It is possible to identify the burgeoning anti-establishment movements of the 1960s as the constituting event of postmodernism. The theory gained some of its strongest ground early on in French academia. In 1971, the Arab-American theorist Ihab Hassan was one of the first to use the term in its present form (though it had been used by many others before him, Charles Olson for example, to refer to other literary trends) in his book: The Dismemberment of Orpheus: Toward a Postmodern Literature; in it, Hassan traces the development of what he called "literature of silence" through Marquis de Sade, Franz Kafka, Ernest Hemingway, Beckett, and many others, including developments such as the Theatre of the Absurd and the nouveau roman. In 1979 Jean-François Lyotard wrote a short but influential work The Postmodern Condition: A report on knowledge. Richard Rorty wrote Philosophy and the Mirror of Nature (1979). Jean Baudrillard, Michel Foucault, and Roland Barthes are also influential in 1970s postmodern theory.

Postmodern music

Main article: Postmodern music

The postmodern impulse in classical music arose in the 1970s with the advent of musical minimalism. Composers such as Terry Riley, John Adams, Steve Reich, Phillip Glass, and Lou Harrison reacted to the perceived elitism and dissonant sound of atonal academic modernism by producing music with simple textures and relatively consonant harmonies. Some composers have been openly influenced by popular music and world ethnic musical traditions. Though representing a general return to certain notions of music-making that are often considered to be classical or romantic, not all postmodern composers have eschewed the experimentalist or academic tenets of modernism. The works of Dutch composer Louis Andriessen, for example, exhibit experimentalist preoccupation that is decidedly anti-romantic. Eclecticism and freedom of expression, in reaction to the rigidity and aesthetic limitations of modernism, are the hallmarks of the postmodern influence in musical composition.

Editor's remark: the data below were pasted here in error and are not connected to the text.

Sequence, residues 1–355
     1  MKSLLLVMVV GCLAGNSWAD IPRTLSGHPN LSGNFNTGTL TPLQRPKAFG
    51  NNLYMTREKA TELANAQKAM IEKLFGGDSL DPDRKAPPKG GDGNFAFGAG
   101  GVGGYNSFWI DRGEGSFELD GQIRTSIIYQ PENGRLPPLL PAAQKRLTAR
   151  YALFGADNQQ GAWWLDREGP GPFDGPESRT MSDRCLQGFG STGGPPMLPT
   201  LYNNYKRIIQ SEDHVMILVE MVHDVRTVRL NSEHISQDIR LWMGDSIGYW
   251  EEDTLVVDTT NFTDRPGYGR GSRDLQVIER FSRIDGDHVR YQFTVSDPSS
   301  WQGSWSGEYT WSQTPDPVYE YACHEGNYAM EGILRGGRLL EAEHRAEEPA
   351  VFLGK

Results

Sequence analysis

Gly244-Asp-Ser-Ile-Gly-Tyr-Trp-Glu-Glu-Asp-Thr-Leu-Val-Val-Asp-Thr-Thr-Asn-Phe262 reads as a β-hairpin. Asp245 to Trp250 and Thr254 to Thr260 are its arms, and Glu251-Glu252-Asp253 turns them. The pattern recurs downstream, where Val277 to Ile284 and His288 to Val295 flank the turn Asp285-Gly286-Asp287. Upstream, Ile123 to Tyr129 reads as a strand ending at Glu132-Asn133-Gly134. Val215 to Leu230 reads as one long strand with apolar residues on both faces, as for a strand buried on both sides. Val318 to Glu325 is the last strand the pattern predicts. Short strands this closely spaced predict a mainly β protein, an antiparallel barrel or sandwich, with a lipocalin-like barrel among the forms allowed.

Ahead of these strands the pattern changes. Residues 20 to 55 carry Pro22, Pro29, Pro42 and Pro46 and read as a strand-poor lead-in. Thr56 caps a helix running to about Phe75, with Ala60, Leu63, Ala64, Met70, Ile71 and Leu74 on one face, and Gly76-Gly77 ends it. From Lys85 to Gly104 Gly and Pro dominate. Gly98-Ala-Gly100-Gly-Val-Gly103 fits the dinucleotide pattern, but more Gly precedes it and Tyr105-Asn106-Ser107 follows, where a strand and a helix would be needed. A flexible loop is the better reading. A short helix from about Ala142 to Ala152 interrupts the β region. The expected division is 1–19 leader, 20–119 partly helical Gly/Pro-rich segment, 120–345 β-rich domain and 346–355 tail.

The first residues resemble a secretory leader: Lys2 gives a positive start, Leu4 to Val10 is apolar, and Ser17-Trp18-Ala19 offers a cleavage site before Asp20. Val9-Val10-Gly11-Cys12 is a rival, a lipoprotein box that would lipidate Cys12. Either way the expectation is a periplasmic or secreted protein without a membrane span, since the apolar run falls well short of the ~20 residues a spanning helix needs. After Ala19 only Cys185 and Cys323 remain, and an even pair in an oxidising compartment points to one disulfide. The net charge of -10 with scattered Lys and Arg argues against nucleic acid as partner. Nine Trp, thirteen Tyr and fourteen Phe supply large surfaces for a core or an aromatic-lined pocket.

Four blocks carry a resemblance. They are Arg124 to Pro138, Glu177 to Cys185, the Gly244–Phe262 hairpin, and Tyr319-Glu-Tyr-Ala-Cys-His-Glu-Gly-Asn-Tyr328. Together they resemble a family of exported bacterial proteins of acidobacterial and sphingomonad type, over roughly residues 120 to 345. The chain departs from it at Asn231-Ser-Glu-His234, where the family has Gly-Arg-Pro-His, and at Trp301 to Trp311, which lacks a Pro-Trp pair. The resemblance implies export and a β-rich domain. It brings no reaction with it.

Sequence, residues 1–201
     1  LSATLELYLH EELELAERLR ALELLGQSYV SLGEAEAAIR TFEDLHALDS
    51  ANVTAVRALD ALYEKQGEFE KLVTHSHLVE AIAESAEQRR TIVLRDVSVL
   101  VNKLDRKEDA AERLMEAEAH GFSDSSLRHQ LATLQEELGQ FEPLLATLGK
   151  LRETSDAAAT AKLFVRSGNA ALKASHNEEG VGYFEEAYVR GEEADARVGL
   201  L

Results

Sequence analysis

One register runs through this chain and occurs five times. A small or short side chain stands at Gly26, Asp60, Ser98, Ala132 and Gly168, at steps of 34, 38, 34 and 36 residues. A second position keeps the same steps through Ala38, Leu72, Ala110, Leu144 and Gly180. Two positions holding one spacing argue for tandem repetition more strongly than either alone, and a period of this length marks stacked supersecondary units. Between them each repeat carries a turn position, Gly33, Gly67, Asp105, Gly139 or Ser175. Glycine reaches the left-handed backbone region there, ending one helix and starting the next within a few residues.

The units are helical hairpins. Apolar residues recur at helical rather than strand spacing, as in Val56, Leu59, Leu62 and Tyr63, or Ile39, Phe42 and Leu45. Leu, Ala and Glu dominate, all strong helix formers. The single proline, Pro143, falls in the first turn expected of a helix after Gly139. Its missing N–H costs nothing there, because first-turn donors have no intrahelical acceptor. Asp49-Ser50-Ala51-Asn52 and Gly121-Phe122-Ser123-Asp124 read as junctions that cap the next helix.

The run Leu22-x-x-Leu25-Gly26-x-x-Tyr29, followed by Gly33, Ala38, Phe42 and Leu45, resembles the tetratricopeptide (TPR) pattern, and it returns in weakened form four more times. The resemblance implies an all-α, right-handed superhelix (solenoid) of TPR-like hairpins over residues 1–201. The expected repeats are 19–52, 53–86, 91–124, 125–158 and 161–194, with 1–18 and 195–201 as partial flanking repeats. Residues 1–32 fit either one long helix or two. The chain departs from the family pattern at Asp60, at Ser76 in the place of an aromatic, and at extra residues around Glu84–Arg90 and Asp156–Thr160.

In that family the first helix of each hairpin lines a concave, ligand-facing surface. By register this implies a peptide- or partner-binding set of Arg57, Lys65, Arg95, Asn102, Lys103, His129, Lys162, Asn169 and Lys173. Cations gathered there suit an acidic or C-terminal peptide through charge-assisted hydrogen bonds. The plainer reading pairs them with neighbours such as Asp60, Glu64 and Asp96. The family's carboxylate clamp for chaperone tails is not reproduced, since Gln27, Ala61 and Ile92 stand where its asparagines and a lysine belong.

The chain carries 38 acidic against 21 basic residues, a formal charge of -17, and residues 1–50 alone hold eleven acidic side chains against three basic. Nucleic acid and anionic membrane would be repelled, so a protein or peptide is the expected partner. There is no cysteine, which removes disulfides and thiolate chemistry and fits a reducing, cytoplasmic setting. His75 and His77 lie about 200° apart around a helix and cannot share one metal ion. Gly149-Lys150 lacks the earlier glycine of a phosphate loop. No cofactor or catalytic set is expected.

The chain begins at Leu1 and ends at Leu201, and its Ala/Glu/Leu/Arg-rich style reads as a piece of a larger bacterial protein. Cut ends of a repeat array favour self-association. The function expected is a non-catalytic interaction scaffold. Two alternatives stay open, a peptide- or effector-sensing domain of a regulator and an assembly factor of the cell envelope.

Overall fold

Philosophical movements and contributors

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Influencer Year Influence
Karl Barth c.1925 fideist approach to theology brought a rise in subjectivity
Martin Heidegger c.1927 rejected the philosophical grounding of the concepts of "subjectivity" and "objectivity"
Thomas Samuel Kuhn c.1962 posited the rapid change of the basis of scientific knowledge to a provisional consensus of scientists, popularized the term "paradigm shift"